A Local Look at ‘How The Other Half Lives’
Jacob Riis’ famed photos get new life at the Chippewa Valley Museum
Handwritten journals, film photographs, and personal correspondence are among the items featured in the Chippewa Valley Museum’s seven-week traveling exhibit Jacob Riis: How the Other Half Lives, which will run through Oct. 20.
“While New York City gained notoriety for its slums, substandard housing conditions were not limited to New York City, then or now,” said museum director Carrie Ronnander in a press release. “Local speakers will help connect the exhibit to issues that are so very relevant today, like affordable housing, and encourage people to consider how social change happens."
Jacob Riis was a reporter and activist in the late 19th and early 20th century who used photojournalism to expose the stark living conditions of the poor and impoverished of New York City including alleyways, tenements, sweatshops, and other parts of city slums, which he published in his book How the Other Half Lives: Studies Among the Tenements of New York.
“Local speakers will help connect the exhibit to issues that are so very relevant today, like affordable housing, and encourage people to consider how social change happens."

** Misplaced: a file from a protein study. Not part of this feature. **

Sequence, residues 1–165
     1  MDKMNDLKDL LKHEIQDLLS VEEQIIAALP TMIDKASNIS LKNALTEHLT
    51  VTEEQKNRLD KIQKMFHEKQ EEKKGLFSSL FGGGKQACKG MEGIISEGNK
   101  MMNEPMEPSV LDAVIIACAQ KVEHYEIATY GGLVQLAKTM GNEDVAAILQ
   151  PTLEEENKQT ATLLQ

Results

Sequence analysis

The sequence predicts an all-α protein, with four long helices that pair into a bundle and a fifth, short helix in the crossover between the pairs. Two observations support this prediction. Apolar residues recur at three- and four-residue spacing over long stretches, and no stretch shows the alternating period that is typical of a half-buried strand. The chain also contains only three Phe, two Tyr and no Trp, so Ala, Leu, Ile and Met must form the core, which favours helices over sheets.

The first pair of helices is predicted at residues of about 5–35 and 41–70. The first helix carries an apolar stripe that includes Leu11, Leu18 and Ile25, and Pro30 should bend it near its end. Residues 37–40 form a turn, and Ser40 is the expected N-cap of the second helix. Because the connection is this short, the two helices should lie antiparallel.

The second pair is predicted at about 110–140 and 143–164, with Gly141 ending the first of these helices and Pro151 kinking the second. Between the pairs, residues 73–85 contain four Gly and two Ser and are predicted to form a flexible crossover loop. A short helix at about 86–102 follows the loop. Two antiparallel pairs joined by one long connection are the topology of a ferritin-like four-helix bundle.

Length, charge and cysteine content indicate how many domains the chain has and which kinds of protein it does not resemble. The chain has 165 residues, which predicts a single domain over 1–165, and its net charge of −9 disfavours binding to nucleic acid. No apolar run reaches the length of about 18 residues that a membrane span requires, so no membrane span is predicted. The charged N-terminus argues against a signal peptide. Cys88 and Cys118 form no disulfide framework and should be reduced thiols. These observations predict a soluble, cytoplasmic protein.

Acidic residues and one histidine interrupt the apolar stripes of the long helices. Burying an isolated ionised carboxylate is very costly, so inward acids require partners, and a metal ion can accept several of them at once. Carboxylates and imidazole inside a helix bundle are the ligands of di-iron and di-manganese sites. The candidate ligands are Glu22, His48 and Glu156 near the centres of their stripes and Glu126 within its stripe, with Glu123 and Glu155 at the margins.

CHIPPEWA VALLEY MUSEUM
The Chippewa Valley Museum exhibit featuring Riis’ work is an adaptation of the Museum of the City of New York’s exhibit: Jacob A. Riis: Revealing New York’s Other Half and is a part of the NEH on the Road program organized by the Mid-America Arts Alliance. The exhibit has some kid-friendly options, such as “Vintage Toys and Games” – an interactive play opportunity where kiddos can learn about popular games from 125 years ago during a Zoom session with Karen Jacobson, museum educator, and Rebecca Mattson, a retired Eau Claire Area School District teacher.
Upcoming virtual programs include “Ripple Effects: Urban Planning Post-Riis” with Joshua Clements, the City of Altoona’s planner, which offers insights on how historic tenements and photographs like Riis’ contribute to modern city planning practices.
For more information about the exhibit, visit www.cvmuseum.com or give the museum a call at (715)-834-7871.